The Anchorage School District is considering cutting more than 200 jobs. Officials rolled out the proposed 2013-2014 budget on Friday at the Education center.
No classroom teachers are recommended for elimination, but many positions that support teachers are. Officials are quick to point out that the proposed cuts were done strategically, with more than half through attrition. Officials say flat-funding from the legislature is to blame, coupled with increases in negotiated salaries, health care benefits, utilities and fuel.
“While funding has remained flat, our costs are rising. This has created a $25 million gap to fill. While this sound like horrible news – and it is – it’s something that none of us enjoy being faced with. It is painful and it will be painful, there is opportunity that we have within our problem to do things differently,” School Board President Jeannie Mackie explains.
What will be done differently, Mackie says, is that, for the foreseeable future, resources will be focused more on the classroom and on teachers and students. But much of the web of support they’ve grown accustomed to will disappear. About 40 administrative support positions were the first to go, but most of the proposed cuts are to positions that support teachers – including teaching assistants, councilors and library assistants. A number of those who work more indirectly supporting teachers and students, like nursing assistants and custodians were also eliminated. About half of the positions were eliminated in earlier cuts, and most of those were managed through attrition. Superintendent Jim Browder says he’ll continue that strategy.
“Approximately 217 positions is what we’ve had to reduce. Through attrition, there’s 112 that have already occurred, leaving about 100 positions. We fully anticipate and hope that through attrition we’ll get that down to about 50, ah 50, 60 positions where there are employees actually in them,” Browder said.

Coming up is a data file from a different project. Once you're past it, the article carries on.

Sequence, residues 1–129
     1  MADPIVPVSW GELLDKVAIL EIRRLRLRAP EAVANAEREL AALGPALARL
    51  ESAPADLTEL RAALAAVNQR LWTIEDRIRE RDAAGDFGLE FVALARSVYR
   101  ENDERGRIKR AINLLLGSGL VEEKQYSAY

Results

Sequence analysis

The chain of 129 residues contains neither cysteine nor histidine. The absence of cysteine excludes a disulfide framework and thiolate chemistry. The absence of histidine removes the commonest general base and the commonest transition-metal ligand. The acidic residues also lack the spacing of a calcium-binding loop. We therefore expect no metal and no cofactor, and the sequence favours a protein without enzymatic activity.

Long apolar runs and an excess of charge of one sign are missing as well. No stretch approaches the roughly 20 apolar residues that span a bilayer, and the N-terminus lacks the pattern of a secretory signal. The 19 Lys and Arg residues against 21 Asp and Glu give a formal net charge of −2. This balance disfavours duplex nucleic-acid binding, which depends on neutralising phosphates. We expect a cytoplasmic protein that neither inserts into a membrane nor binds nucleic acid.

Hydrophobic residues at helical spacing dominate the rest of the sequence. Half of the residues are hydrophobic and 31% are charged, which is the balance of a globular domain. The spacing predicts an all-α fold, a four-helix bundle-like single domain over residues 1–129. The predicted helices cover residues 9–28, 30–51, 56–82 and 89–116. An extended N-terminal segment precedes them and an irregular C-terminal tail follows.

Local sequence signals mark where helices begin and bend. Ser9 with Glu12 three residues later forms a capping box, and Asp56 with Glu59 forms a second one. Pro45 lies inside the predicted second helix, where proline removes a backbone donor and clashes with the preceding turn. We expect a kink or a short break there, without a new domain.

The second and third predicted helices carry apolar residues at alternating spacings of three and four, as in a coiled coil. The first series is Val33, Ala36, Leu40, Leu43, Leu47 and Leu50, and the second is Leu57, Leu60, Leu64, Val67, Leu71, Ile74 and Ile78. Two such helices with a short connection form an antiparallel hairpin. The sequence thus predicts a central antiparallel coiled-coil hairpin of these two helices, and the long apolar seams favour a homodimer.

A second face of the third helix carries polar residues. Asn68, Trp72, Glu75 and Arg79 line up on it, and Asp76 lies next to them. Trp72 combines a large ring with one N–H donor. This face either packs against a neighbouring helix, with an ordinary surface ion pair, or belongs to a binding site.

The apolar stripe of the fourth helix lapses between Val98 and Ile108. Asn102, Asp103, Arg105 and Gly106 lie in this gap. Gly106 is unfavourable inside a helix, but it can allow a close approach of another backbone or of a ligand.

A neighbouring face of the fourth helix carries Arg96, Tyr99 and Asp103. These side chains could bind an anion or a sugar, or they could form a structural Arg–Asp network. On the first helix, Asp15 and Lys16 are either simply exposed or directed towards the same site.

Other reductions include $3.4 million from supplies and equipment district wide, a 50 percent reduction in travel and a $150,000 reduction in school registration costs.
Andy Holleman is with Anchorage Education Association, the union that represents many of the certified employees impacted by the cuts. He acknowledges that the District is not to blame.
“The school district is responding to the flat funding from the legislature. I don’t think anyone on the school board and I know that Dr. Browder thinks these cuts are a good idea, but there absolutely is an impact in the classroom,” Holleman said.
Still, Holleman admits that benefits and pay increases for workers are contributing to the budget crunch and he says he expects them to be discussed at upcoming union negotiations. Along with the budget, the District handed out a packet outlining their comprehensive, multi-year plan to increase student achievement, which was developed in 2012. The plan aims to get 90 percent of students proficient in reading, writing and math, improve attendance and increase graduation numbers. Duane Moran is president of the Anchorage Council of Education, another union representing support staff. He’s concerned that all seven of the graduation support coordinators in the district are slated to be cut, eliminating an entire program.
“While they are not in the classroom, they have a tremendous positive impact to students. The ones that are most at risk of not graduating. So that’s where the cuts, as a community, we don’t want them to fall on the economically disadvantaged or the special needs students disproportionately, but the concern is that they may,” Moran said.
Moran questions whether teachers can achieve the lofty goals of the district’s comprehensive plan without support staff. Superintendent Browder will present his administration’s budget recommendations to the school board at 2:30 p.m. on Thursday, Jan. 24 in the Education Center boardroom. The board will vote on the budget on Feb. 21.
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